In today’s Health Watch, the FDA is ordering the makers of Ambien and and other sleeping pills to slash the dosage in half for women.
The Minneapolis office of Homeland Security Investigations is warning consumers about counterfeit products.
Oral contraceptives are some of the most commonly taken prescription drugs in America — at least 10 million American women take them.
The American College of Obstetricians and Gynecologists says the health risks associated with oral contraceptives are low, and should be available without a prescription.
The Food and Drug Association is investigating after learning that 5-Hour Energy drinks were cited in 13 deaths.
The fungus found in tainted steroid shots matches the one blamed in the national meningitis outbreak that has killed 20 people, federal health officials said Thursday.
The Minnesota Department of Health has confirmed two new cases of fungal meningitis in the state, bringing the total to seven.
Even more people may be at risk of getting meningitis than initially thought. The FDA is warning that a second steroid is now linked to fungal meningitis.
The Food and Drug Administration says salmonella found at a cantaloupe farm in southwestern Indiana matches the “DNA fingerprint” of the salmonella responsible for a deadly outbreak that sickened people in 21 states.
Health officials are advising consumers to avoid eating cantaloupe grown in southwestern Indiana after a multi-state salmonella outbreak led to at least three cases in Minnesota.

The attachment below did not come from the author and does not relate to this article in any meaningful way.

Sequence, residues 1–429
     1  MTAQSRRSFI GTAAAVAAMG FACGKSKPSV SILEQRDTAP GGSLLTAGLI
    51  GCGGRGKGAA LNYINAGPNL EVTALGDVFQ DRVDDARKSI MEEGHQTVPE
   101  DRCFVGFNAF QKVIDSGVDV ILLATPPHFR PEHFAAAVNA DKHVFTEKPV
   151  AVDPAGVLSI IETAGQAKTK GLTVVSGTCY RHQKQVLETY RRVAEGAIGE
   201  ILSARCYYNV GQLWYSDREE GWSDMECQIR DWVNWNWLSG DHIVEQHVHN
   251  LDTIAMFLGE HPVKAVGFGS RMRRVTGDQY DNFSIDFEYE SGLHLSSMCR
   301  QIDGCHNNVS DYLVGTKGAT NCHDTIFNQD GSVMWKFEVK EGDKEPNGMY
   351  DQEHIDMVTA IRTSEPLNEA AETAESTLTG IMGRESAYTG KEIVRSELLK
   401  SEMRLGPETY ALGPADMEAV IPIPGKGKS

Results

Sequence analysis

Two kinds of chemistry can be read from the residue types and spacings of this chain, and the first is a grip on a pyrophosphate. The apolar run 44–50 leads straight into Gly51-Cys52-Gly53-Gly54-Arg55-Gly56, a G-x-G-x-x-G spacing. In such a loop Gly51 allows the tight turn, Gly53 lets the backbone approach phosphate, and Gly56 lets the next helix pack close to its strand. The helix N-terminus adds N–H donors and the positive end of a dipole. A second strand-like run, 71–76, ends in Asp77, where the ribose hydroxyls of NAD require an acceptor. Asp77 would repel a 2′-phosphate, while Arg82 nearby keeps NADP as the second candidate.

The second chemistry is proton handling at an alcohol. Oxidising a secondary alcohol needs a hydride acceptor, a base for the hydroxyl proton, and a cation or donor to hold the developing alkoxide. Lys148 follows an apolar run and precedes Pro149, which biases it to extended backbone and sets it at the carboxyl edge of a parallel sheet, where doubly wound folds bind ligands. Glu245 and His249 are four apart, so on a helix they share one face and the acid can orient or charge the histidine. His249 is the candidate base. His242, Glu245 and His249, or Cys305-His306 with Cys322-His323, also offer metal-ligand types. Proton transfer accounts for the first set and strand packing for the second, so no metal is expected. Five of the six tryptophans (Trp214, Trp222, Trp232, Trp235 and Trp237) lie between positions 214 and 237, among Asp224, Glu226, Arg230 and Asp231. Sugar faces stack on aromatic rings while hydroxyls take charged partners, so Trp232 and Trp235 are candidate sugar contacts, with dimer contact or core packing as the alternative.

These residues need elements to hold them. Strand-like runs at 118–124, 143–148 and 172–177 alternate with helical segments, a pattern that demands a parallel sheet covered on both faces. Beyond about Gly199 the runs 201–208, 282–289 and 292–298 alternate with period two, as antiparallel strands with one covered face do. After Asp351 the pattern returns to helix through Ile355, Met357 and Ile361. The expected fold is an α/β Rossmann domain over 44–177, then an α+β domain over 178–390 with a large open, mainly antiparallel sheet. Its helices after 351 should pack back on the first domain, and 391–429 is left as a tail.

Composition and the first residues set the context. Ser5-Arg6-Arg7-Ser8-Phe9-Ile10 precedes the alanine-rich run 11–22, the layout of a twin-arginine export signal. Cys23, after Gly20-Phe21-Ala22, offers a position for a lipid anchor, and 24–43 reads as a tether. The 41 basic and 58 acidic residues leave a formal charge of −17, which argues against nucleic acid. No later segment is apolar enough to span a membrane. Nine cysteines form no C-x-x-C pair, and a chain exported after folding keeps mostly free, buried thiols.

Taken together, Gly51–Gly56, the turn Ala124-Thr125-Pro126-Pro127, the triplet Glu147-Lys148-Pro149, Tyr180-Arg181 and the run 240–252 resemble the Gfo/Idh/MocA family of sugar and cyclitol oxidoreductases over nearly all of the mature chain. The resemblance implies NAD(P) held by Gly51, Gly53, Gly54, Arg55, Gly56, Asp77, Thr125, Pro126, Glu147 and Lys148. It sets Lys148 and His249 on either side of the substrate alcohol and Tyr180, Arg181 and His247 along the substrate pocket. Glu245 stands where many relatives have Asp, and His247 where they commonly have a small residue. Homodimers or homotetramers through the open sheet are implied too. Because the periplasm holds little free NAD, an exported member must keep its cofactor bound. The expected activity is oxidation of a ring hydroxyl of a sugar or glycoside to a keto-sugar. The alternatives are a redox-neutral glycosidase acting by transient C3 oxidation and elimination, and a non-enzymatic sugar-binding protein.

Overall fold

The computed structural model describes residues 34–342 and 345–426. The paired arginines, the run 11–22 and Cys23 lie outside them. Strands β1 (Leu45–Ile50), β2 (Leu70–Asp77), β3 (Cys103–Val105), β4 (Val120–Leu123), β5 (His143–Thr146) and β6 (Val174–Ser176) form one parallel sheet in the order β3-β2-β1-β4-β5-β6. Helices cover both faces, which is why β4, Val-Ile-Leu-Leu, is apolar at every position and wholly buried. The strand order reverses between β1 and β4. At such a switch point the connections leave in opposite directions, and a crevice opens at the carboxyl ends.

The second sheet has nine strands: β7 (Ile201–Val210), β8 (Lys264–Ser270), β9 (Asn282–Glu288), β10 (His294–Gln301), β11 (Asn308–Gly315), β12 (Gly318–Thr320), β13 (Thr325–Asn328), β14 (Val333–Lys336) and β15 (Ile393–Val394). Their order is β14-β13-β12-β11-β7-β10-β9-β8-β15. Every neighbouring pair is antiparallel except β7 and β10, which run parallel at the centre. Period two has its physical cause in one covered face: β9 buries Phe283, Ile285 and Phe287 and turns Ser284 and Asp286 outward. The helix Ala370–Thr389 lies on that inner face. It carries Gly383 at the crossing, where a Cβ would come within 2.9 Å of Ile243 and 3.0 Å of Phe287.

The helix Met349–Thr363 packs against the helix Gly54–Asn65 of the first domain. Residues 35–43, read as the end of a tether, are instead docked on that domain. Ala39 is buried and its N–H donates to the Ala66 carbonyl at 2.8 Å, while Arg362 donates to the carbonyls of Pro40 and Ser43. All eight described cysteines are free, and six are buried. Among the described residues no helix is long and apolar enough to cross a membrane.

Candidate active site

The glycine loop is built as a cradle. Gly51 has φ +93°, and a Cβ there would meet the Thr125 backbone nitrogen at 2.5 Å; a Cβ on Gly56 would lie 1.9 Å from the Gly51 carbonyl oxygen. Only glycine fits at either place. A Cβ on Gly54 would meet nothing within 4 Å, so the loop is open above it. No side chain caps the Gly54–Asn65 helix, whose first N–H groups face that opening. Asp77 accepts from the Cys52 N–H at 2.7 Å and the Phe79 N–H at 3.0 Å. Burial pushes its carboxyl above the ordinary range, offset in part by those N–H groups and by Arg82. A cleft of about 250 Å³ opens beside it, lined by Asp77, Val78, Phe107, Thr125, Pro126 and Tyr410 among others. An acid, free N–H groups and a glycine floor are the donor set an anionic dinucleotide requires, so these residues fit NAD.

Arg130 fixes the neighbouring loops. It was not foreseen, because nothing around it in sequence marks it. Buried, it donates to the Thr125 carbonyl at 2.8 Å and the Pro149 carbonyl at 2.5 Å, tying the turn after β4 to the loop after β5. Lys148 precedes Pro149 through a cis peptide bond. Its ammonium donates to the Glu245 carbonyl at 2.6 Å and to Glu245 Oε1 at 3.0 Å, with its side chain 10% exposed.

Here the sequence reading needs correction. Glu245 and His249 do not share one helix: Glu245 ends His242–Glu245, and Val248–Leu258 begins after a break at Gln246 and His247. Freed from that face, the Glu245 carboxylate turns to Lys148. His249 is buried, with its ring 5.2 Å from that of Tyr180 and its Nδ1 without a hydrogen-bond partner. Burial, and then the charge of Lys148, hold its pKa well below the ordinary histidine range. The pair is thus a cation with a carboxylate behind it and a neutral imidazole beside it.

After nearly six years, the FDA hasn’t found the reason why certain dog treats are making pets sick. More than 1,000 complaints have been filed with the FDA about chicken jerky dog treats made in China.
The Food and Drug Administration has approved Arena Pharmaceutical’s anti-obesity pill Belviq, the first new prescription drug for long-term weight loss to enter the U.S. market in over a decade.
The Food and Drug Administration has approved a new treatment to combat cellulite called “Cellulaze.”
On Monday night, a WCCO-TV investigation showed a popular trampoline park selling highly caffeinated energy drinks and energy shots to kids. In the story’s aftermath, the two Skyzone parks in Minnesota pulled energy drinks from their shelves and are no longer selling them.
An expert panel is recommending that the FDA approve the first of its kind home test kit for HIV, and the head of a Minnesota AIDS advocacy group says it’s a good move.